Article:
What’s in a craft beer? Visiting the “new” Monroe Street, NE (Brookland) I was astounded by the number of craft beers available at a local pub. Likewise, walking down the street passing two different liquor stores I saw displays of small-batch bourbons and even… this really threw me… multiple brands of craft-designed rye!… a liquor I thought all but extinct. Searching the Post’s digital Style section, it seems this renaissance of craft liquors has been gaining steam for some time. This could be a very good thing. Why?
The Church has a long history with craft-made brews of all sorts. In Rome we used to prize a hand-made green sambuca made by monks of the Castelli Romani. For centuries, the monasteries of Belgium have set a gold standard in beer production. After the Germanic invasions, wine production only continued in Gaul (France) because the mass required the use of quality wine.
What’s behind this Catholic love of all things distilled? Put simply… they’re very human.
The Catechism of the Catholic Church (para. 356) tells us:
Of all visible creatures… man is the only creature on earth that God has willed for its own sake. (cf Gaudium et sees 24.3) and he alone is called share, by knowledge and love, in God’s own life.
Genesis presents an escalating process of creation by which everything was made with a useful purpose (Gn. 1:28-31); everything except man. Man was created by God in an act of freely chosen love for its own sake. Made in God’s image, we exist beautifully for our own sake, with a capacity to freely love others for their own sake. In addition, like our creator we can make beautiful things with love for their own sake. Greatest among these is life itself (see the linked talk by St. John Paull II on this topic). Somewhat further down the chain but no less true, we can make “things” with love for their own sake… we call these things “beautiful.”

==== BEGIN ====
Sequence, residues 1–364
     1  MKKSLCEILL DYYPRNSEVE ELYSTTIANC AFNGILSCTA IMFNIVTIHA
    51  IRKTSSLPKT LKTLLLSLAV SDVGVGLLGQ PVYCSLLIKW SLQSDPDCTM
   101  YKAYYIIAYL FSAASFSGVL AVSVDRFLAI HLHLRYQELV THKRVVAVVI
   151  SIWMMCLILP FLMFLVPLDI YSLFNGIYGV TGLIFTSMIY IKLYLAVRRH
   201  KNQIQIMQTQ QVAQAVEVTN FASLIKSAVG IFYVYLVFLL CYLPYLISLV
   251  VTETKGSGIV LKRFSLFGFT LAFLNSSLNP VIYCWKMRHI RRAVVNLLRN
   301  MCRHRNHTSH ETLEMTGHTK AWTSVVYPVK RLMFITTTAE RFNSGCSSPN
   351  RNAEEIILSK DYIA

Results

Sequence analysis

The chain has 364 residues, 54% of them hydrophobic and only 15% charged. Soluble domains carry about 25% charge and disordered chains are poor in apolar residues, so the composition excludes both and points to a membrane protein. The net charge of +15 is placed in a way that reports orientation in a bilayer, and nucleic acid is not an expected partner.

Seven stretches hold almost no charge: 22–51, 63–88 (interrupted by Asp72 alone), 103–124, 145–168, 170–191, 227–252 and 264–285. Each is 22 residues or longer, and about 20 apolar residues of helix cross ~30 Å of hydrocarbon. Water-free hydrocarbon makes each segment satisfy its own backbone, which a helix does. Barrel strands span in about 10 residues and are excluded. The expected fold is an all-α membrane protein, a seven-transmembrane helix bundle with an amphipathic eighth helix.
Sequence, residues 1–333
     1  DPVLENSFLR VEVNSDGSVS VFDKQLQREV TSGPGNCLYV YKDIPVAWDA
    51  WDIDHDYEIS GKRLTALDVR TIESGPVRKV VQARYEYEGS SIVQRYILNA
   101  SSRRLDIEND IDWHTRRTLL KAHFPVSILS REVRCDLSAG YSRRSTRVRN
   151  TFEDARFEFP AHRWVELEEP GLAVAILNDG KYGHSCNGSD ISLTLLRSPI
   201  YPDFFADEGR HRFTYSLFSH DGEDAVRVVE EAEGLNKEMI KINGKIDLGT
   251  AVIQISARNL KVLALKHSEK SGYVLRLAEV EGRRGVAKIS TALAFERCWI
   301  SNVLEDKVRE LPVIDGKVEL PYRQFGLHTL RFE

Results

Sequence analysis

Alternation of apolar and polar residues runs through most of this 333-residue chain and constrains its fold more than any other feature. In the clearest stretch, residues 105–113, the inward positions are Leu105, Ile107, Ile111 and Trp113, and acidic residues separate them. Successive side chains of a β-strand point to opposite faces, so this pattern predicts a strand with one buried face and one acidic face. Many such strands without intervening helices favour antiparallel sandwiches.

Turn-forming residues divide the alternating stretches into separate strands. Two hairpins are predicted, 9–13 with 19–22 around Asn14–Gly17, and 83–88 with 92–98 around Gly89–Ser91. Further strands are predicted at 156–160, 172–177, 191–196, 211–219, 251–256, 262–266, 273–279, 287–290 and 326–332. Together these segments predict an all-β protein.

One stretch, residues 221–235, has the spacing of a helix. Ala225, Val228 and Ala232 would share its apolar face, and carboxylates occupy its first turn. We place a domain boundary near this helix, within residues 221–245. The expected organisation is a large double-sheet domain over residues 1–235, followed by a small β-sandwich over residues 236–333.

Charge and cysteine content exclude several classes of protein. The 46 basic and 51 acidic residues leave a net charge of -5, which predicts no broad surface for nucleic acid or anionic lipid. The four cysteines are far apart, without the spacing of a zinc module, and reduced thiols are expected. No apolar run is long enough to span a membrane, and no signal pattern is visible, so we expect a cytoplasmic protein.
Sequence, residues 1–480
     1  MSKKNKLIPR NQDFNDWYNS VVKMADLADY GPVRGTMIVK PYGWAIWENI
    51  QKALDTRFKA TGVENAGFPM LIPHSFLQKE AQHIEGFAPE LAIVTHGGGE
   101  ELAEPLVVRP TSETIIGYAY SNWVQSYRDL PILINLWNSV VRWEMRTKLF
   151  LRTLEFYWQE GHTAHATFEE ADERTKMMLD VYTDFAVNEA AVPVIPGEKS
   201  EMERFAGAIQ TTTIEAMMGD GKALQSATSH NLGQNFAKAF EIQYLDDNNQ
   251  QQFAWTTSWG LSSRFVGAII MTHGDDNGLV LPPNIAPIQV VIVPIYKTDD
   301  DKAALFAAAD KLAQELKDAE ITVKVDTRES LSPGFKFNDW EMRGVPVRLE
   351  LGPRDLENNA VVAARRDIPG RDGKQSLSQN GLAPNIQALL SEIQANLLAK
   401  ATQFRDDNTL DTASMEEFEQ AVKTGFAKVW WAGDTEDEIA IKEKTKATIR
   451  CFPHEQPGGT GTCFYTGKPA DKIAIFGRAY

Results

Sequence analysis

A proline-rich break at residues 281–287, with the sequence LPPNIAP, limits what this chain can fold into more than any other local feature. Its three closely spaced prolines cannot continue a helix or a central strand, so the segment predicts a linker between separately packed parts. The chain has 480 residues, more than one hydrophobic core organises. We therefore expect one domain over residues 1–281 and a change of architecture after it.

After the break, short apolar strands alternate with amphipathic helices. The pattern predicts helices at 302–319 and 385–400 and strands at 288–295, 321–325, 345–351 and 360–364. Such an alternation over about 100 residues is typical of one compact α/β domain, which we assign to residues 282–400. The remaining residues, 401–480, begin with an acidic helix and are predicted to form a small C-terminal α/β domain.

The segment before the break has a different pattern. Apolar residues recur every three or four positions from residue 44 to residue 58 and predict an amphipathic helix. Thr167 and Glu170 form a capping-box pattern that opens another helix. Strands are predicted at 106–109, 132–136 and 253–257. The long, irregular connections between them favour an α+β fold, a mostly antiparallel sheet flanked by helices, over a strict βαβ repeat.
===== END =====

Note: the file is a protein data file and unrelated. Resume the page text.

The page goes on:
Whether it’s a monk perfecting a centuries-old process of growing hops for beer… or couple of thirty-somethings learning to make wine in someone’s basement, there’s something especially human about pouring time, talent, humility and love into making something beautiful for its own sake. Is this perhaps what we detect in our craft beers, bourbons etc.? Something different and more truly human than mass-produced machine-made mediocrity? To be sure, many produce and consume these delicacies for all the wrong reasons… a reminder that we should drink with prudence temperance and responsibility… but keeping focused on the true good and beautiful, the growth of these new more artistic drinks may indeed be a reason for all of us to raise our glasses and say, “Cheers!”